Intraoperative hypertension during opioid-based intravenous or nitrous oxide–opioid anesthesia is common. Such hypertension is often attributed to inadequate anesthetic depth; thus it is conventionally treated by the addition of other anesthetic agents (benzodiazepines, propofol, or potent inhaled agents). When depth of anesthesia is adequate we recommend treating hypertension with antihypertensives rather than with additional anesthetics.
Opioids depress ventilation, particularly respiratory rate. Thus, respiratory rate and end-tidal CO2 tension (in contrast to arterial oxygen saturation) provide simple metrics for the early detection of respiratory depression in patients receiving opioid analgesia. Opioids increase the partial pressure of carbon dioxide (PaCO2) and blunt the response to a CO2 challenge, resulting in a shift of the CO2 response curve downward and to the right (Figure 10–3). These effects result from opioid binding to neurons in the respiratory centers of the brainstem. The apneic threshold—the greatest PaCO2 at which a patient remains apneic—rises, and hypoxic drive is decreased. Morphine and meperidine can cause histamine-induced bronchospasm in susceptible patients. Rapid administration of larger doses of opioids (particularly fentanyl, sufentanil, remifentanil, and alfentanil) can induce chest wall rigidity severe enough to make ventilation with bag and mask nearly impossible. This centrally mediated muscle contraction is effectively treated with neuromuscular blocking agents. This problem is rarely seen now that large-dose opioid anesthesia is no longer a mainstay of cardiovascular anesthesia practice. Opioids can blunt the bronchoconstrictive response to airway stimulation such as occurs during tracheal intubation.
Opioids depress ventilation. This is graphically displayed by a shift of the CO2 curve downward and to the right.
The effects of opioids on cerebral perfusion and intracranial pressure must be separated from any effects of opioids on PaCO2. In general, opioids reduce cerebral oxygen consumption, cerebral blood flow, cerebral blood volume, and intracranial pressure, but to a much lesser extent than propofol, benzodiazepines, or barbiturates, provided normocarbia is maintained by artificial ventilation. There are some reports of mild—but transient and almost certainly unimportant—increases in cerebral artery blood flow velocity and intracranial pressure following opioid boluses in patients with brain tumors or head trauma. If combined with hypotension, the resulting fall in cerebral perfusion pressure could be deleterious to patients with abnormal intracranial pressure–volume relationships. Nevertheless, the important clinical message is that any trivial opioid-induced increase in intracranial pressure would be much less important than the predictably large increases in intracranial pressure associated with intubation of an inadequately anesthetized patient (from whom opioids were withheld). Opioids usually have almost no effects on the electroencephalogram (EEG), although large doses are associated with slow δ-wave activity. There are case reports that large doses of fentanyl may rarely cause seizure-like activity; however, some of these apparent seizures have been retrospectively diagnosed as severe opioid-induced muscle rigidity. EEG activation and seizures have been associated with the meperidine metabolite normeperidine, as previously noted.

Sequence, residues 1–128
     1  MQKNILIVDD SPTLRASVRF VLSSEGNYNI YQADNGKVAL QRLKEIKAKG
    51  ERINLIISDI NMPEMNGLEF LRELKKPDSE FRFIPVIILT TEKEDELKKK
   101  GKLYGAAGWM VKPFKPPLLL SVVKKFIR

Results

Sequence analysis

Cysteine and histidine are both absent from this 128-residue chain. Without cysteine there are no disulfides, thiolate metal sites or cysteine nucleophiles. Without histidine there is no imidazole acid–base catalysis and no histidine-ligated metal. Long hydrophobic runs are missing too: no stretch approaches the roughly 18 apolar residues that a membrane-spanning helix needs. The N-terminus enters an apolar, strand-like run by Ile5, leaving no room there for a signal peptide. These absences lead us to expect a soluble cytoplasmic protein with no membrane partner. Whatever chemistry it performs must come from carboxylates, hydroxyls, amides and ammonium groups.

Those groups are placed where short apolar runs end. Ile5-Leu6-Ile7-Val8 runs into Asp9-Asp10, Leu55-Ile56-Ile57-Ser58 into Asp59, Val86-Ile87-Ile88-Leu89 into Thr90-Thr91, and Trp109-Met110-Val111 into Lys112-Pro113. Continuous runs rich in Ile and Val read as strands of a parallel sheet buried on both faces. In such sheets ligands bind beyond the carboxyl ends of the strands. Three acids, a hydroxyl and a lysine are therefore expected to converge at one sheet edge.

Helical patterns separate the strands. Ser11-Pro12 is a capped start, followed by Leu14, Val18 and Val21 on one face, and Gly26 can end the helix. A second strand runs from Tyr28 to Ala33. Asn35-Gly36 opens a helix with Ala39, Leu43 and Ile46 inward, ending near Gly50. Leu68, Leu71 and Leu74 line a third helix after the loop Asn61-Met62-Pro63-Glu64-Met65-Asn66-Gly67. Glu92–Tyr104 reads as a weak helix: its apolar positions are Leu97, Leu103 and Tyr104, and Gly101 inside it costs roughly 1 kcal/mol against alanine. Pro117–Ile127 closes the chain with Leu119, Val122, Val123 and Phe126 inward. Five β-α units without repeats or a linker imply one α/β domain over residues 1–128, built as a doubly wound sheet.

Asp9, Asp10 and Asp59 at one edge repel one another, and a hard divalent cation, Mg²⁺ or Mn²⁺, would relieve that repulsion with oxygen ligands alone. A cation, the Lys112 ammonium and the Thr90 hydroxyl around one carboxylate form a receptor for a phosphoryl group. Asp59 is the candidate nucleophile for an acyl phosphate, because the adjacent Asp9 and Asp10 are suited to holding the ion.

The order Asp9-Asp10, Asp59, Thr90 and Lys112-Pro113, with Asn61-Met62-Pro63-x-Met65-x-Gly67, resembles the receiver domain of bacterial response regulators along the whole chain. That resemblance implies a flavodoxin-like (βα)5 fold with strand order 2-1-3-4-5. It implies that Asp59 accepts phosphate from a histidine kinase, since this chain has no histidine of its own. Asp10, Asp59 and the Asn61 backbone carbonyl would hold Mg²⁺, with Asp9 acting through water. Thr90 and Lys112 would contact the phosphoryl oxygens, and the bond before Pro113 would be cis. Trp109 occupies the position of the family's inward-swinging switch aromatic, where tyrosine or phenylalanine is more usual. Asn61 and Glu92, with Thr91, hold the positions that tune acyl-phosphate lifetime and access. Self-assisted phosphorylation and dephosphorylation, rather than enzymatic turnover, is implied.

Stimulation of the medullary chemoreceptor trigger zone is responsible for opioid-induced nausea and vomiting. Curiously, nausea and vomiting are more common following smaller (analgesic) than very large (anesthetic) doses of opioids. Repeated dosing of opioids (eg, prolonged oral dosing) will reliably produce tolerance, a phenomenon in which progressively larger doses are required to produce the same response. This is not the same as physical dependence or addiction, which may also be associated with repeated opioid administration.
Prolonged dosing of opioids can also produce “opioid-induced hyperalgesia,” in which patients become more sensitive to painful stimuli. Infusion of large doses of (in particular) remifentanil during general anesthesia can produce acute tolerance, in which much larger than usual doses of opioids will be required for immediate, postoperative analgesia. Relatively large doses of opioids are required to render patients unconscious (Table 10–3). However, even at very large doses opioids will not reliably produce amnesia. The use of opioids in epidural and intrathecal spaces has revolutionized acute and chronic pain management (see Chapters 47 and 48).